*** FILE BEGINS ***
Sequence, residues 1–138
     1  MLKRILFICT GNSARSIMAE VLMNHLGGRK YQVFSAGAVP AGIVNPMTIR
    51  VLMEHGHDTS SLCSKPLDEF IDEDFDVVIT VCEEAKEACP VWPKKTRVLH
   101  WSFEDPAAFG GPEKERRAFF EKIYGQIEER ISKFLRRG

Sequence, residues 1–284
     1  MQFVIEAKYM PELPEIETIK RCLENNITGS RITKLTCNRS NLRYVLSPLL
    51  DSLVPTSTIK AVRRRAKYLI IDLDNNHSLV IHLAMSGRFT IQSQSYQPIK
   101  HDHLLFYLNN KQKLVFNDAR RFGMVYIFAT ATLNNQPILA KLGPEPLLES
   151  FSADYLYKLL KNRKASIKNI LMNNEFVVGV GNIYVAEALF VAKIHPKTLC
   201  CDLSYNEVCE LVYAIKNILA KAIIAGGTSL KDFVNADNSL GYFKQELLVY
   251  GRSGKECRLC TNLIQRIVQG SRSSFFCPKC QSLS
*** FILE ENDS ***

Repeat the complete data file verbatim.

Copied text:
Sequence, residues 1–138
     1  MLKRILFICT GNSARSIMAE VLMNHLGGRK YQVFSAGAVP AGIVNPMTIR
    51  VLMEHGHDTS SLCSKPLDEF IDEDFDVVIT VCEEAKEACP VWPKKTRVLH
   101  WSFEDPAAFG GPEKERRAFF EKIYGQIEER ISKFLRRG

Sequence, residues 1–284
     1  MQFVIEAKYM PELPEIETIK RCLENNITGS RITKLTCNRS NLRYVLSPLL
    51  DSLVPTSTIK AVRRRAKYLI IDLDNNHSLV IHLAMSGRFT IQSQSYQPIK
   101  HDHLLFYLNN KQKLVFNDAR RFGMVYIFAT ATLNNQPILA KLGPEPLLES
   151  FSADYLYKLL KNRKASIKNI LMNNEFVVGV GNIYVAEALF VAKIHPKTLC
   201  CDLSYNEVCE LVYAIKNILA KAIIAGGTSL KDFVNADNSL GYFKQELLVY
   251  GRSGKECRLC TNLIQRIVQG SRSSFFCPKC QSLS